* A big thank you to Pam England and her book Ancient Maps for Modern Book for the
activities and ideas suggested here.
Most people have a picture in mind of how they think labor will go, and how they themselves will
cope with labor. Picturing yourself coping in labor while you are pregnant is a helpful way to
prepare for the intensity of childbirth. When we talk about coping, we are not only talking about
coping with the pain of contractions, but also potentially the exhaustion that comes from a long
birth because of lack of sleep and hard work, and the fears that can come from your labor path
taking unexpected turns, not to mention dealing with a variety of other sensations.
“Women who worry about the ‘right amount’ of pain are often those best prepared for the
intensity of labor’” says Pam England. When we worry, we activate the part of ourselves that
looks for solutions, that looks for both inner and outer resources, the part of us that in fact does
know what to do, even in times of uncertainty.
On the other hand, she says “women who are overconfident, or have a casual wait and see
attitude, or are planning for an epidural often do not prepare well for labor pain”, and are often
caught off guard by just how intense labor can be.
To help picture yourself coping in labor, think of a number between 1 and 100: 1 being not
intense at all and 100 being the most intense you can imagine. What number would you give to
represent the intensity of labor? Now, think of something that you might do at that number.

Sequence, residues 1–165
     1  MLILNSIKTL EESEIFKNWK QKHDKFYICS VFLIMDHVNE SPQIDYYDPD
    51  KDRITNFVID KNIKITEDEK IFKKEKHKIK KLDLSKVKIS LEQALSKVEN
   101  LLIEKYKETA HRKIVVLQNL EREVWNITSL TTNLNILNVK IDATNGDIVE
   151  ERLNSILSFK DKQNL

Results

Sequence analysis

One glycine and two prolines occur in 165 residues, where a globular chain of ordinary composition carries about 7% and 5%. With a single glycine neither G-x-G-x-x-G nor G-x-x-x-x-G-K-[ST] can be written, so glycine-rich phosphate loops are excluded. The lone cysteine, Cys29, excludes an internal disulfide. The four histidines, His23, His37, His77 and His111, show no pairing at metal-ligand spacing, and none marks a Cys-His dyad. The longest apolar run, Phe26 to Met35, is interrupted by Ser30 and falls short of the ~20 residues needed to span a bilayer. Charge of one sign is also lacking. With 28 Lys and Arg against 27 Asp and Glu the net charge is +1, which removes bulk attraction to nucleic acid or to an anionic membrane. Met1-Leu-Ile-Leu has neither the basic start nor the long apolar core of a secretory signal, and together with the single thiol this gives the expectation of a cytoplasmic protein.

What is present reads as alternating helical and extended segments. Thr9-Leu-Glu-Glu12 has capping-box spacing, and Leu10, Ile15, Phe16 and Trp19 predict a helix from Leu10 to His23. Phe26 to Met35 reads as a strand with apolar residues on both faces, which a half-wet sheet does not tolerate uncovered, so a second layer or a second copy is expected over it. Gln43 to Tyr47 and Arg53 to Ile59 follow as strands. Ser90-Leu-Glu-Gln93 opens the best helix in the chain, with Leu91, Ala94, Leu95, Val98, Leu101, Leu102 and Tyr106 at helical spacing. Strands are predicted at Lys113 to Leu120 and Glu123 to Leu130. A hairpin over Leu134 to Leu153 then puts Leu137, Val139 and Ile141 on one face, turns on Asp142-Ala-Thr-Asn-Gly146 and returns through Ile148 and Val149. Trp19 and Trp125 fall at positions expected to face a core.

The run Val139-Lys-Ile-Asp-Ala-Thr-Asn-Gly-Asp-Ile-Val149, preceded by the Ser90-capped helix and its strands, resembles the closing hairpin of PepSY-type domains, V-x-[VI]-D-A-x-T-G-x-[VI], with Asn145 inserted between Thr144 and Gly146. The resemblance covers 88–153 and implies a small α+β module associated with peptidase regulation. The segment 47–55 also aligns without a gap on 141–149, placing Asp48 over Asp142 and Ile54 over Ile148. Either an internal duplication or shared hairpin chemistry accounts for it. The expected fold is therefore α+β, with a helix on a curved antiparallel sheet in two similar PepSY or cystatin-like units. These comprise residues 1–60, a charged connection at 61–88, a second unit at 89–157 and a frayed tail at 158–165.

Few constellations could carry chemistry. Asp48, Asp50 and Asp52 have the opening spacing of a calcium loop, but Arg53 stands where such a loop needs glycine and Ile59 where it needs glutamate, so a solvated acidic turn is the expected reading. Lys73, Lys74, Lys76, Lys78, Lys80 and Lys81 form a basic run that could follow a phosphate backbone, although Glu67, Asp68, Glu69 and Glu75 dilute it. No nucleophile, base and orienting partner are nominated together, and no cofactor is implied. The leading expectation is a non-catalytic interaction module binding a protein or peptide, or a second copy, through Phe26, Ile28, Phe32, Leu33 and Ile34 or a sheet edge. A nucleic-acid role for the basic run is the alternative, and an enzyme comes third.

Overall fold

Maybe it’s focusing on your breathing? Or swaying your hips? If you’re not sure what you might
do, what have you heard others do? How might that be helpful to you? Once you’ve named one
thing, name one other thing.
When one is dealing with an intense contraction there are many ways to cope. Some may include: asking for a hand to hold, being vocal, focussing on a labyrinth, swaying your hips, or moving around.
Are any of those things you could see yourself doing to cope with labor?
I’d like to introduce to you someone that tends to show up at every birth:
Sometimes she only appears for a moment, and sometimes she likes to hang around for a while (she seems to like to hang around if you have had very rigid expectations of
what your birth should look like).
This is the birth fairy.
She’s a little mischievous, and she likes to wave her wand and bop people on the head with something that they didn’t expect. Sometimes it might be something wonderful, and other times it might challenging. Regardless of how much you’ve planned, there will be at least one moment in your labor that will surprise you.
So now let’s go back to that number you chose. Let’s say the birth fairy shows up, and she
sprinkles on your contraction a bit of fairy dust, and now the intensity of your contraction is
maybe five or ten points higher than what it was. What do you need to do at this new number
that you didn’t need to do at the old number? Maybe it’s to make some sounds? Or Ask for
more help? Or swear?
Now that you’ve imagined yourself coping in labor, it can be helpful to anchor this image by
drawing or painting it out.
I will leave you with this:
Coping in labor is subjective — what works for one might not work for
someone else. We don’t know what birth will ask of us, but we do know that the childbearing
journey, to quote Joseph Campbell, will require you to do at least one “Forbidden Thing”: one
thing that you were hoping to not have to do. Giving yourself permission to do what it takes and
not judge yourself later is the biggest gift you can give to yourself.